Juvenile insulin-dependent diabetes mellitus [IDDM) remains by far the most common endocrine deficiency disorder that pediatricians deal with in daily practice. This issue of Pediatrie Annals offers a series of up-to-date articles on new developments related to the patient care of children and adolescents with this disorder, and with its resultant sequelae and complications. The concluding article in this issue offers a treatise on the current approaches to the prevention and delay of IDDM itself, and to the prevention and 1 99Os treatment of diabetes complications, primarily retinopathy and nephropathy.
HOW TO OBTAIN CME CREDITS BY READING THIS ISSUE
Pediatricians can receive Category I credits for the Physician's Recognition Award of the American Medical Association by reading the following articles and successfully completing the quiz at the end of the issue. Complete instructions are given on the quiz pages.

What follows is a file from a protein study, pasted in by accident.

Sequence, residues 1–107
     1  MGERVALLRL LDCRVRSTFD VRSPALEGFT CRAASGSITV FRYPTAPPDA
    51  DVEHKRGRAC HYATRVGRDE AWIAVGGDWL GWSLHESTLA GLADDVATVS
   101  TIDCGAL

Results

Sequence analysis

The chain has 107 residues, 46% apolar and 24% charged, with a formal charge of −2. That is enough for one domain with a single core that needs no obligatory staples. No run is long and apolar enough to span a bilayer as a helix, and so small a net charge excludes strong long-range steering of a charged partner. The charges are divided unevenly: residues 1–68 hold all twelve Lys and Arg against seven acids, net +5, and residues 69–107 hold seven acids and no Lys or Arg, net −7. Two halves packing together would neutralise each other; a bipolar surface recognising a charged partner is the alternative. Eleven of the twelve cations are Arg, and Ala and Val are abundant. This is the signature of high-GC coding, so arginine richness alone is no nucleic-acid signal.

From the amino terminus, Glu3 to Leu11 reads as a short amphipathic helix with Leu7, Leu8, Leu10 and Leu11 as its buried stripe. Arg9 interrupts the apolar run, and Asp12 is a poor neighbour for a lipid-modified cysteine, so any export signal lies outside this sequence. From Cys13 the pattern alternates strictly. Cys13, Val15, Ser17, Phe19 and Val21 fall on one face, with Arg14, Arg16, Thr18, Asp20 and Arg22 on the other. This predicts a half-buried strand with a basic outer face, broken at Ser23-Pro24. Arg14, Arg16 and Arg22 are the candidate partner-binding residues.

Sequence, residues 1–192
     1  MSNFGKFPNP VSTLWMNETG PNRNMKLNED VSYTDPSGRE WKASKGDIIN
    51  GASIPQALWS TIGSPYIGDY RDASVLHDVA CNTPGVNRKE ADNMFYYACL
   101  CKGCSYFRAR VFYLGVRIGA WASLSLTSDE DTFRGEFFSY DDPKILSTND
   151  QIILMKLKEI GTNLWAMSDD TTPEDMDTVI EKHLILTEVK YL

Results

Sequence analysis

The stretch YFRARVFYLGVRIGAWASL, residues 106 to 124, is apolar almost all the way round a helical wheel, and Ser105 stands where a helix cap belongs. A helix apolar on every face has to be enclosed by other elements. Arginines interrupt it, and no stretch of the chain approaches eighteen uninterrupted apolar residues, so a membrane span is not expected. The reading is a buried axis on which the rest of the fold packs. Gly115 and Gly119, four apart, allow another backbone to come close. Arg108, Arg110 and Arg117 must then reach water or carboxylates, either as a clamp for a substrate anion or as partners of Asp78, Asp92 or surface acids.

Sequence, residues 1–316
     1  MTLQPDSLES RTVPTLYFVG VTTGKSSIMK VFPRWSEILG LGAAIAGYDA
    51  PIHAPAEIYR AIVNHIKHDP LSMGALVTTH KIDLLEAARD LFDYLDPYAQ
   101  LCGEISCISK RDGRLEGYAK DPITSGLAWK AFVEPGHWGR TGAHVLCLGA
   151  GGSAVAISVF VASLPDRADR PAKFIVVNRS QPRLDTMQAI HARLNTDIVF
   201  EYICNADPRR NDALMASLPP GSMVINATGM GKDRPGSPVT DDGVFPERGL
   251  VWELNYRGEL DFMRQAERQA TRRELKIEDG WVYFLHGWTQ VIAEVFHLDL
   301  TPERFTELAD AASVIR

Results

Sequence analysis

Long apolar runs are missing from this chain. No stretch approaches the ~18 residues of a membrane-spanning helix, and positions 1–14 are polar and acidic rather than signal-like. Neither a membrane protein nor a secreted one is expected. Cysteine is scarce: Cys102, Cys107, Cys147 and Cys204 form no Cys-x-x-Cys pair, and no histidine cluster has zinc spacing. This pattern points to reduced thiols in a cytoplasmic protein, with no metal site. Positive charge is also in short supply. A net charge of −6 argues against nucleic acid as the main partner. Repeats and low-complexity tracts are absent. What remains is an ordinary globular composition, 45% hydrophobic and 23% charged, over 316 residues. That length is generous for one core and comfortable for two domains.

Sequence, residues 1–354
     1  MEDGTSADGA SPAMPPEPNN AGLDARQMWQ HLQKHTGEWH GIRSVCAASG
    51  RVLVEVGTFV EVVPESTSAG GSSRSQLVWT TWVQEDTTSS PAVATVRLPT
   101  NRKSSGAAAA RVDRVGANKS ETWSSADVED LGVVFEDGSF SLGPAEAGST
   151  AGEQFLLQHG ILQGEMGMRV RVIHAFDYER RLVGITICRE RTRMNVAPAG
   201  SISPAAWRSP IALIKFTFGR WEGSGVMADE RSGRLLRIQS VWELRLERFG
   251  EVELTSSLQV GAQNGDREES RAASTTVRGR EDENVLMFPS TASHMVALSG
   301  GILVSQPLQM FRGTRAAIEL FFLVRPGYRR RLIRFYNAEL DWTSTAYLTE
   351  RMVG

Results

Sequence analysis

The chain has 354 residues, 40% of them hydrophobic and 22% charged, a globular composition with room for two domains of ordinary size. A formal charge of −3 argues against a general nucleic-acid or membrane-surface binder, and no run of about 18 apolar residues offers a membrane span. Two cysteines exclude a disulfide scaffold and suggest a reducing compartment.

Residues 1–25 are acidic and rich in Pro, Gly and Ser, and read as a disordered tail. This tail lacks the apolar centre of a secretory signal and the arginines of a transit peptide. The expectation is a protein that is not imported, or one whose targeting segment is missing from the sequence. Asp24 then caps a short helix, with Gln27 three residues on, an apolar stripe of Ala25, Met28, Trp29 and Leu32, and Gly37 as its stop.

The Pretest below has been prepared to assist you in studying the following material. It indicates some of the areas to be covered and will make it possible for you to challenge your present knowledge of the material before reading further.
1 . Diabetic ketoacidosis (DKAJ Is always caused by insulin deficiency, either relative or absolute.
2. With Improved critical care management over the last two decades, there has been a significant decrease in the case fatality rate for children admitted to hospitals with DKA.
3. The occurrence of periodic severe hypoglycemia is a major impediment to the goal of achieving relatively tight blood glucose control in insulin-dependent diabetes mellitus (IDDM) patients.
4. The percentage of new patients with IDDM who have no close relative with the disease approximates:
Answers to the Pretest:
1.A 2.B 3.A 4.C